Day Off for the Buena Vista Builders Team

A few weeks ago, the Buena Vista Builders team took the day off to go romp in the woods together. We were lucky enough to see a couple deer, a bear, and a moose. It doesn’t get much better than taking an ATV into the woods for some team building fun!

Check out the video below for some action shots and don’t forget to follow us on Facebook for more behind-the-scenes videos!

Make the Most Out of Your Tiny Kitchen

Making the most out of a tiny kitchen starts by searching the room for space on the walls, floors, ceiling, countertops, appliances, even the insides and outsides of cabinetry. When you can start seeing the storage potential in everything, you can squeeze every square inch out of it.  Let us share our best tips for making the most of your small kitchen!

Hang It Up
Using your cabinets, ceiling and walls, hang up everything you can!  Anything that you can hang up saves valuable counter space.   While a lot of people think to use the outside of their cabinets to hang items, few think of using the space inside the cabinet doors.  Think of the drawer space you’ll save by using the inside of the cabinet door to hang up your measuring spoons and cups.  Mount a magnetic strip to the inside to hold all of your cutting knives.  Attach a few single wire spice racks to the inside of your doors and save the rest of your cupboard space for your groceries, dishes, and appliances. By installing shelves, rods or pegboard, you can move utensils off the counter and onto the walls.  You could probably rescue entire cupboards by hanging up anything and everything that has a handle attached.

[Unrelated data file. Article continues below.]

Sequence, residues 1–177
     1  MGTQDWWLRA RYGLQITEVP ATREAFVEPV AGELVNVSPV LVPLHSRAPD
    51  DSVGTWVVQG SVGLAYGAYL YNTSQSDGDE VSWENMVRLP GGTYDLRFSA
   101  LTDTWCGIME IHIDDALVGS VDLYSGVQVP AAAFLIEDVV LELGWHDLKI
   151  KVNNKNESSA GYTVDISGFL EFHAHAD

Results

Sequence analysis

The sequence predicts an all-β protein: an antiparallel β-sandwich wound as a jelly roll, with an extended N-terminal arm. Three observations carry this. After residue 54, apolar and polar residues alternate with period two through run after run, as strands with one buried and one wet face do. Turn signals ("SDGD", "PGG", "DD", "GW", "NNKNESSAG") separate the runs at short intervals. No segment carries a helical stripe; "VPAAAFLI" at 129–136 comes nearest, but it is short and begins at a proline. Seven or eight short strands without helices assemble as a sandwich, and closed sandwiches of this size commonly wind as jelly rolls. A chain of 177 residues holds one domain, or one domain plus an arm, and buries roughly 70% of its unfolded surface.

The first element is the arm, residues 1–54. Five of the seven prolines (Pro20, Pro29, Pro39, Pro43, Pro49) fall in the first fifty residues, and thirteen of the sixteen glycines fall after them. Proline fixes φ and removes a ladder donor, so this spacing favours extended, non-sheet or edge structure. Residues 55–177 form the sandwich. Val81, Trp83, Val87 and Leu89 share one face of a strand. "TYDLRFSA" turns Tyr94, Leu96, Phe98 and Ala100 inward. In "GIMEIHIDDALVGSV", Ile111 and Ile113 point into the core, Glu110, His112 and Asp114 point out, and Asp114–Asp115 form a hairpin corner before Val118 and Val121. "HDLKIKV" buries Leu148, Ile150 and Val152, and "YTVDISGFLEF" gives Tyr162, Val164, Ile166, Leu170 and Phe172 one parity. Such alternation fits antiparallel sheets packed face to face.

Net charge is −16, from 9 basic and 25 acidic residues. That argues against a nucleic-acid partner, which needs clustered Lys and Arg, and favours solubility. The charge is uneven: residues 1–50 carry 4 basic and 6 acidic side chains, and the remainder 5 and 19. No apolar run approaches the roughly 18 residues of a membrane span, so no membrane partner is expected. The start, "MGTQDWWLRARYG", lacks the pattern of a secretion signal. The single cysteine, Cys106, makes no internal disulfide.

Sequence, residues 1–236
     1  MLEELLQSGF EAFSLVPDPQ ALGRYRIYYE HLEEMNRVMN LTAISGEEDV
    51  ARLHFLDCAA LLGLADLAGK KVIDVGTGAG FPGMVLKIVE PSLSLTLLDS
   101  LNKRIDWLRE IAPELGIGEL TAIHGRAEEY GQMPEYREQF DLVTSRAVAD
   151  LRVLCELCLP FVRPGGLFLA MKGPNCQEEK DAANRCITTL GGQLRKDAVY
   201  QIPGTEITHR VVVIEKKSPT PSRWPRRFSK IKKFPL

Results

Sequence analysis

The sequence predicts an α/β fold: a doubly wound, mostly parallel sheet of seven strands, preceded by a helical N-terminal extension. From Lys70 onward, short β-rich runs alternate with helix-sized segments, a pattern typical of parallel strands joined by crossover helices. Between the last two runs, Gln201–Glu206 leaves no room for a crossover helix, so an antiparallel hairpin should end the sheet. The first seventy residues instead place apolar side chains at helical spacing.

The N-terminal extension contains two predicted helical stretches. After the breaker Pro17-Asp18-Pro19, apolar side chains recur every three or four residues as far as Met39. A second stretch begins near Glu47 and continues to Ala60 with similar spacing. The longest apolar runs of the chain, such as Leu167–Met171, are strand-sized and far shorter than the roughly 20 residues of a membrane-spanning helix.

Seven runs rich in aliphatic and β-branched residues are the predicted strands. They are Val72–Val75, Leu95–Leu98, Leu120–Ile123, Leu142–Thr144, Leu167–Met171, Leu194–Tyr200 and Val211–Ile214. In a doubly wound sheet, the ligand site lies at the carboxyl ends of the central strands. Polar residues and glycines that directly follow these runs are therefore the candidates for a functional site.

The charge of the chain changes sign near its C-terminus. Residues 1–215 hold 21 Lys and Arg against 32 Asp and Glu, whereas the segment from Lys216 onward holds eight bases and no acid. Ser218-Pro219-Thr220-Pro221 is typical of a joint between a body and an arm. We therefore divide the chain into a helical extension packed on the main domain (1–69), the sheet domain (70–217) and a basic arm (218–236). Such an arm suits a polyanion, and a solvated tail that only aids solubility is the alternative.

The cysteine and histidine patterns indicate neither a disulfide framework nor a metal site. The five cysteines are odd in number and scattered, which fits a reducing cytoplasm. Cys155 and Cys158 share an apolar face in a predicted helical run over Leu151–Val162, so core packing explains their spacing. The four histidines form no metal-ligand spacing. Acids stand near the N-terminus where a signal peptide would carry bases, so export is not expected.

Go Vertical
If your cabinets stop short of the ceiling you’re missing out on valuable storage space so consider adding another foot or two of storage by replacing them with cabinets that go all the way to the ceiling. That much-needed space will hold those rarely used items perfectly.   If you can’t add to or replace your cabinetry then simply set baskets on top of your cabinets for that additional storage space.

Making sure your cabinets go all the way to the ceiling will help you capitalize on more space. You can also add in glass fronts to make your kitchen seem more light and airy!


Go Horizontal

Gaining another foot or even more counter space is a big victory and can be accomplished with a minor remodel to replace your counter and sink by substituting your dual bowl sink with a beautiful (and compact!) farmhouse sink.  Another trick is to find a simple cutting board wide enough to cover your sink when you’re doing your prep work.

Small Tips and Tricks for Big Impact

  • Add the illusion of more space by using mirrors to replace, or make, your backsplash.  Mirrored backsplashes are interesting, they reflect light, extend the view, really open a space and they’re super easy to clean.
  • Bulky hardware on drawers and cupboards in a tight space is a recipe for bruises, the occasional profanity and wrestling your shirt from a handle’s grip.  To keep your kitchen and children’s innocence safe, choose slim pulls or replace cabinet doors and drawer fronts with inset grips and avoid the hardware completely.  It may seem inconsequential, but the streamlined look of your space will make a difference.